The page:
The Garden

Book Two in the series.
Available in paperback and for Kindle:
The new book: A Bathtub in Our Kitchen

Book One also available
in paperback and Kindle:
Book One: A Bathtub in Our Garden

Getting the garden started was one of our first priorities. However, as we arrived in late spring (end of March) we had left it a bit late for that year.

One of the first things I did was obtain a soil test kit. I had intended to open a small trench to get a view of the type of soil we had, but this was never done. Just as well - when the borehole was dug I had a first-hand view of what is under the surface. There's about 60 cm of black sandy soil, and then you hit clay. At 5 metres there's a layer of gravel, followed by more clay which goes to at least 49 metres (that's the depth of the borehole and the ground water level).

Where was I? Oh, yes, the soil test kit. I bought one of these:

soil test kit

It was a bit fiddly to use but I'm glad I bought it. We found that due to the aged FIL's mania for superphosphates, the phosphate level was, unsurprisingly, extremely high. Nitrogen was very low, as was the potassium level. The soil is very slightly acidic which is absolutely fine for vegetable growing. In order to increase the nitrogen and potassium levels we are gradually digging in a load of rabbit droppings (there's several tons of the stuff at the other farmhouse as the late MIL used to keep rabbits).

Also, once we have our dry toilet installed, the separated urine will be diluted with rainwater and used as well. This sounds rather bizarre, but before you recoil in horror I recommend that you read the following book: Liquid Gold: The Lore and Logic of Using Urine to Grow Plants.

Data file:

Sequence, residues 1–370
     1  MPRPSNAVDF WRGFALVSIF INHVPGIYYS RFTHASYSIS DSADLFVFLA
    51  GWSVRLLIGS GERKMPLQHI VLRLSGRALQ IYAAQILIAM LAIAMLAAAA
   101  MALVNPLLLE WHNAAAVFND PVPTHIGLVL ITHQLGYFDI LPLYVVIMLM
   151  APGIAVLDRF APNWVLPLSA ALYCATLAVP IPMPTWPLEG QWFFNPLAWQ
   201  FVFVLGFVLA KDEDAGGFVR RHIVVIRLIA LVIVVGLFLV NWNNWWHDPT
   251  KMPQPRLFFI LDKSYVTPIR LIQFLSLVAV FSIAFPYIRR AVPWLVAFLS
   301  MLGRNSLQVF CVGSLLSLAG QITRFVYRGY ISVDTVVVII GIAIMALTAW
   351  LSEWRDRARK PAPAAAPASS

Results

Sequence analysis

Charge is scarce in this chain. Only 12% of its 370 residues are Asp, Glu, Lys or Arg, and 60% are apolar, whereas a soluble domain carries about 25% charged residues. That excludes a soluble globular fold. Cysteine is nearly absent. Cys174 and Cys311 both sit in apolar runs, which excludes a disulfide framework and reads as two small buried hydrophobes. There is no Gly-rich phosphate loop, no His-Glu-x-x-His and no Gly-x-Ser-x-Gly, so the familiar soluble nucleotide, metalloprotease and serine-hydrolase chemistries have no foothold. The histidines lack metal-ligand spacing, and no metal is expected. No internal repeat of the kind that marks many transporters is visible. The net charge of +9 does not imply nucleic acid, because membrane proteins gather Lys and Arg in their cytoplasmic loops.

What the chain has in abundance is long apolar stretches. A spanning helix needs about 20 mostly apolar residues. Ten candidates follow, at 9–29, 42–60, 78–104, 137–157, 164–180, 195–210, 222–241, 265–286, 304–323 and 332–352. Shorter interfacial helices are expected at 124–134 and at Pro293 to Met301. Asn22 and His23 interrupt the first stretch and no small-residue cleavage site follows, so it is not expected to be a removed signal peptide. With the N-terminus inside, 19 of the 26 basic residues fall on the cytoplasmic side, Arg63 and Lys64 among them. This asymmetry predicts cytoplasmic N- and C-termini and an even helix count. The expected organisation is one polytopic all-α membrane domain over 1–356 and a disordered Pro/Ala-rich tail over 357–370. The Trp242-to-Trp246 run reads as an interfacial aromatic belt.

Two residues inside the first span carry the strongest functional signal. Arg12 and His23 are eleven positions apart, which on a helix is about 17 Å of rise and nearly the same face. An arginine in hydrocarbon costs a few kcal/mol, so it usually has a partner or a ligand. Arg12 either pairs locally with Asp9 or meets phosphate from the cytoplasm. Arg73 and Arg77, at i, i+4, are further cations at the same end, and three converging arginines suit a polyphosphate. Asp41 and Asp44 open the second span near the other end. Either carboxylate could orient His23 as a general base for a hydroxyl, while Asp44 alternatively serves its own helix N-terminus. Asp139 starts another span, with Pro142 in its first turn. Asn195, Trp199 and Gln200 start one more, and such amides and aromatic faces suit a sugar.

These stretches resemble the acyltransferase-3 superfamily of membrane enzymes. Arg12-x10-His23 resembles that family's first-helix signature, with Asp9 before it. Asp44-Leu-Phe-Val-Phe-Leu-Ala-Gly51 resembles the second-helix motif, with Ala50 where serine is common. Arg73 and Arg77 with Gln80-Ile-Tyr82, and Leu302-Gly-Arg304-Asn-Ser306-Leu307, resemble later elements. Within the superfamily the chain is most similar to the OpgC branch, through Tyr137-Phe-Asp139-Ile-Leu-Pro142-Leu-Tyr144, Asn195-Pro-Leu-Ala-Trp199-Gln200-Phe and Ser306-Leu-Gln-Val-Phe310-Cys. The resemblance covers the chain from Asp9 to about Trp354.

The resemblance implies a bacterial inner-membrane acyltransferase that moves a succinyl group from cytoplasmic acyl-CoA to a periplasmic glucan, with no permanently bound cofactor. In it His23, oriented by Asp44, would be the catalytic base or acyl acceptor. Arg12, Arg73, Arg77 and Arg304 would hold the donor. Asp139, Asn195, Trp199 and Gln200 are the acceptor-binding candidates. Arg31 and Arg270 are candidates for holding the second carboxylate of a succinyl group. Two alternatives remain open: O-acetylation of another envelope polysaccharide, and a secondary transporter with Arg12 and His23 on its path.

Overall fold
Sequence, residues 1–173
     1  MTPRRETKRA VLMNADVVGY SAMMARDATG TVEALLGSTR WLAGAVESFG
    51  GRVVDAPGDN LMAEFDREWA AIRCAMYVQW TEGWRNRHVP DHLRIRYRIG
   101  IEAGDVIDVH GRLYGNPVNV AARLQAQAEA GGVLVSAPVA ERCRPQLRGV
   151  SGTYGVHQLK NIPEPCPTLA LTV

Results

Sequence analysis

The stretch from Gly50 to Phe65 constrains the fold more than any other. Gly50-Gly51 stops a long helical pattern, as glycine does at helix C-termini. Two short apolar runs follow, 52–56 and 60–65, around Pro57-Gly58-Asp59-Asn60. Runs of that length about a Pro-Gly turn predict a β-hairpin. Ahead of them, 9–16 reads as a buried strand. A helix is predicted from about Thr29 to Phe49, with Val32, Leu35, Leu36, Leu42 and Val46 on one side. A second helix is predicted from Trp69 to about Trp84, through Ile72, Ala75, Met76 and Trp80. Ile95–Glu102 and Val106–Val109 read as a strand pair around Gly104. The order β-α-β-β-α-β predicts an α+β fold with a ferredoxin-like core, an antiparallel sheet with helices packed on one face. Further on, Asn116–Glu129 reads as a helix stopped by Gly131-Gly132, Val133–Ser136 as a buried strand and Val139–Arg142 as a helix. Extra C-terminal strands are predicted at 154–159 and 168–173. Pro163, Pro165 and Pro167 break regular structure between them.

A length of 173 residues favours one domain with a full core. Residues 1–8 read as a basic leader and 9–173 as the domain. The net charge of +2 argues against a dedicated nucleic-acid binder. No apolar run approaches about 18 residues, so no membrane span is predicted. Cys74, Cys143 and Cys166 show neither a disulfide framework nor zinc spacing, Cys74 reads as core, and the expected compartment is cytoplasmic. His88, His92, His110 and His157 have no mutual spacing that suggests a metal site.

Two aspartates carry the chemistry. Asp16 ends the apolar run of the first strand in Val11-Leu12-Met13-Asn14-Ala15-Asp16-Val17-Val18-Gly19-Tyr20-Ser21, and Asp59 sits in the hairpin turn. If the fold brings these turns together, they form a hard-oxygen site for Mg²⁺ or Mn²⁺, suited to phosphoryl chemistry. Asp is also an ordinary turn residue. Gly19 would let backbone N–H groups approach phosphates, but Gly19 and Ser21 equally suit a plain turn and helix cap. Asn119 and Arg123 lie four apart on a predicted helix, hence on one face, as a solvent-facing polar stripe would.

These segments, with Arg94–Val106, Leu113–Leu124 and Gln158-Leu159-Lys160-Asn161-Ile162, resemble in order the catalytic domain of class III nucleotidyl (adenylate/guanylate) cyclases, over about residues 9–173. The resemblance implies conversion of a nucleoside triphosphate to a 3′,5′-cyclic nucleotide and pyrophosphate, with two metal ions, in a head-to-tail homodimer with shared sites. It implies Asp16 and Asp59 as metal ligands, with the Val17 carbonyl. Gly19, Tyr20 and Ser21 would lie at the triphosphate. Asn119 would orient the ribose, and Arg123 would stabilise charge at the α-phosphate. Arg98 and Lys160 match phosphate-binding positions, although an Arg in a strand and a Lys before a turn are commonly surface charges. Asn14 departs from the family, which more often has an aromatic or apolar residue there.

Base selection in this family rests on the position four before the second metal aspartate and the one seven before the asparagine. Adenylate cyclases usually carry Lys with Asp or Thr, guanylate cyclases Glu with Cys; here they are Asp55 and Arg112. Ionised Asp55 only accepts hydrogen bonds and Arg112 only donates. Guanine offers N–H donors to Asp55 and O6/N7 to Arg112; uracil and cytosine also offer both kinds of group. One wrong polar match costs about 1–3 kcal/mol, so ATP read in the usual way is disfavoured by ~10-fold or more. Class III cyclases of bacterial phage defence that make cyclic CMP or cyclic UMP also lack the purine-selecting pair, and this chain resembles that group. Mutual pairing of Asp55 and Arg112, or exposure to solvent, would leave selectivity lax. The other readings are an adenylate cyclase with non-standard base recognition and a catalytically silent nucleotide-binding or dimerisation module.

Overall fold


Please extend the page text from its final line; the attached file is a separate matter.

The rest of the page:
The area set out for the garden consists of two plots, each about 12 metres wide and 20 metres long. The ground is fairly flat although there is a very slight slope down to the pond (which contains carp and gudgeon). At the east side of the garden we have an old pear tree, and a peach tree. We've planted three further peach trees, a cherry tree, and two blueberry bushes here. On the north side of the garden, next to the house, we have another peach tree, and we've planted two raspberry bushes, a blackcurrant bush and a redcurrant.

I must admit I didn't have much time to get busy in the garden, as I concentrated on other jobs (for example setting up the rainwater recovery system) so LSS rose to the challenge.

And challenge it was. Because of the extremely poor weather, the rows of potatoes ended up with blight (not to mention Colorado beetles), and this spread to the tomatoes as well. As we're trying to be as organic as possible, we didn't want to spray everything with insecticides (especially as I intend keeping bees in the not-too-distant future) but we did find a rather nifty organic product. It's a bacterium called Bacillus thuringiensis. It comes in powder form in a small cardboard box. Available from most good garden centres, it's not cheap, but a little goes a long way - and once you've sprayed your plants with this stuff the bacterium remains in the vicinity for the following years too. It certainly did the trick on the cabbage-leaf caterpillars and Colorado beetle larvae. If you want the gory details (heh, heh!) the pests eat the bacterium with their leafy dinners, whereupon it multiplies in their little stomachs and causes them to explode.